As organizations undergo increasing scrutiny for their impact on the environment and the community, sustainability has become a key factor in corporate decision-making and performance measurement.
An Accenture-UN Global Compact survey of CEOs found that 97 per cent of CEOs view sustainability as important to the success of their company.
Research suggests that they are right.
Companies that embrace sustainability can realize multiple benefits, including improved overall corporate performance, reputation, talent retention and attraction, employee wellbeing, and better positioning in terms of millennial consumers and employees. Sustainability is also a number one driver of innovation, according to Tamar Milne, professor at the UBC Sauder School of Business.
However, tangible challenges remain when it comes to converting thought leadership into action.
Moving beyond aspiration to action is a long journey of sustainability adoption. The cross-cutting nature of sustainability priorities means that institutions have to break through silos, innovate business processes, and leverage the unique expertise of individuals throughout the organization.
Secure executive commitment
Some 90 per cent of organizations that are seen as “walking-the-talk” have a defined sustainability strategy. UBC was Canada’s first university to create a Sustainable Development Policy (1997) and open a Campus Sustainability Office (1998). The university has appointed senior leadership to manage sustainability efforts and established multi-stakeholder advisory councils as a way to engage faculty, students, staff and partners, help steer the institution, and signal its commitment. Ultimately, sustainability was adopted as a core pillar in UBC’s overall strategic plan in 2010. Various thematic action plans and sustainability strategies guide on-the-ground efforts. In 2014, UBC released an aspirational 20-year Sustainability Strategy with a focus not just on damage reduction, but on creating improvements to human and environmental wellbeing. Throughout all of these efforts, community engagement was crucial in terms of obtaining wide and diverse input, informing decision-making and facilitating a sense of community.
Build a business case and seek innovative funding models
Early on, UBC championed several sustainability initiatives that achieved operational savings, which were used to fund core sustainability efforts. Several programs focused on energy and water conservation, including building retrofits. A sustainability revolving fund was also created. It provides loans to projects which have demonstrated operational sustainability benefits and which have a return on investment. The loan itself is repaid with money saved on energy, water or resources, resulting in essentially a positive return to the institution. Major capital investments included a district energy project that helped meet aggressive GHG reduction targets and will result in significant reductions in energy use and lead to operational cost-savings. As UBC works to update its Climate Action Plan with an aim to advance toward its 67% reduction target, it continues to do so with a clear business case behind its efforts.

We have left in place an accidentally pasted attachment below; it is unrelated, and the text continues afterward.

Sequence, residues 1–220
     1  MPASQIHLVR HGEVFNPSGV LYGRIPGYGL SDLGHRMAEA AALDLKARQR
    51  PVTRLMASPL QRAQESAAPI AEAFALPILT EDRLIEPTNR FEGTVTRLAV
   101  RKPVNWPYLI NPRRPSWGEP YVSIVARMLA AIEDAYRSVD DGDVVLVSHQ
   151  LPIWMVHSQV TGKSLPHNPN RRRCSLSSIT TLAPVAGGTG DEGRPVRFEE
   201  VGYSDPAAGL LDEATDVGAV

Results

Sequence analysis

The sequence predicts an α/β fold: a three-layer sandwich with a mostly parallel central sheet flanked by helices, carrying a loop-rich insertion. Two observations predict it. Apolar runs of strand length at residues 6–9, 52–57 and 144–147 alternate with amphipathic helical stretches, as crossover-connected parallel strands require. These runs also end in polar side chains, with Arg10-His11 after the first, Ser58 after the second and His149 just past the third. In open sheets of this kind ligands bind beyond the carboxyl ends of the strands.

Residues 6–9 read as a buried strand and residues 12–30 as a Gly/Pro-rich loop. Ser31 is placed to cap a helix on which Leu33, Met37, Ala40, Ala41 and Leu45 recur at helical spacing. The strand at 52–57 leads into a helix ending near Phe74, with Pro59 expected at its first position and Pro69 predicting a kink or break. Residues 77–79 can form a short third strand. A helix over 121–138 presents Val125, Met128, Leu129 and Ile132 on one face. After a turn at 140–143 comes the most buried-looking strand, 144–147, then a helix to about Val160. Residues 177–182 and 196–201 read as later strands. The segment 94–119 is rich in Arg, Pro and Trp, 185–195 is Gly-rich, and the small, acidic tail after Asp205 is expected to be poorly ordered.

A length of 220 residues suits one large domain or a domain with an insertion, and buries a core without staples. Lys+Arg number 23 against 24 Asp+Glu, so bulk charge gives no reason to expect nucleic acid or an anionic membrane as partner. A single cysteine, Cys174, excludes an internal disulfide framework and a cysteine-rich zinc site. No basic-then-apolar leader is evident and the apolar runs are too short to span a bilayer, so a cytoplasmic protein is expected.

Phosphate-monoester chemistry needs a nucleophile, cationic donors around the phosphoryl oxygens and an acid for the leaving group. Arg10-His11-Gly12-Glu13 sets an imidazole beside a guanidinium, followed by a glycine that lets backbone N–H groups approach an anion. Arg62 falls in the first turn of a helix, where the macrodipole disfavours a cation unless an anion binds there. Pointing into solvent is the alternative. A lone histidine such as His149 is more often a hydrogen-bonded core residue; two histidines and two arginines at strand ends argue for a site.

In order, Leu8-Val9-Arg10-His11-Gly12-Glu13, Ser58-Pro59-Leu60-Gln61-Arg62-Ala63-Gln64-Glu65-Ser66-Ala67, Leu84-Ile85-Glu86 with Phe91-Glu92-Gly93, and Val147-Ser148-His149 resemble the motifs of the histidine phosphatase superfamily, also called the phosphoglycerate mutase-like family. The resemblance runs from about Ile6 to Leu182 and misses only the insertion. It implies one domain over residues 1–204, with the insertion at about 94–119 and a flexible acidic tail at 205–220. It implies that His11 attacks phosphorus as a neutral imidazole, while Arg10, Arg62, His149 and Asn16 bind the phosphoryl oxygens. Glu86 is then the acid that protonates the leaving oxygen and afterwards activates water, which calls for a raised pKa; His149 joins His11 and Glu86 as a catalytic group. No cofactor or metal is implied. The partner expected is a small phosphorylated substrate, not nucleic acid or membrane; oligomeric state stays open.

Set targets, track performance, and communicate results
UBC set aggressive climate action goals and recently reached its 2015 target of reducing GHG emissions 33 per cent from 2007 levels. Now the university is focussing on its 2020 target of 67 per cent reduction. Likewise, hard and soft goals are in place for a range of other initiatives, including green buildings, transportation, waste, and learning opportunities for students. As a way to engage the community, support accountability and manage performance, UBC regularly communicates progress and various initiatives to the campus and wider community, and the executive. Branding ensures a unique and recognizable visual element for sustainability efforts and programs, as well.
Engage the whole institution
UBC adopted an institution-wide approach to integrate operational and academic sustainability efforts under the concept of the “campus as a living lab.” Applying UBC’s teaching, learning and research capacity to address operational sustainability challenges has resulted in innovations and solutions to campus challenges at both a large and small scale.
A variety of engagement programs enable all members of the university—students, faculty, staff and other partners—to contribute to the university’s sustainability efforts. Collaborative development of unit-level frameworks help identify opportunities, track actions and monitor progress across departments. Staff programs have received endorsement from senior management, and staff are given resources, training, and limited work hours to champion initiatives within their units resulting in measurable savings.
Students have numerous opportunities through formal involvement programs and clubs, to foster a culture of sustainability, develop sustainable behaviours and advance sustainability on and off campus (including through research and coursework).
Funding schemes facilitate peer-to-peer campaigns and are in place to support employee and student-led initiatives. Recognition efforts provide a mechanism to acknowledge community members' contributions and reinforce a sense of community.
By Marko Pajalic 25 May 2017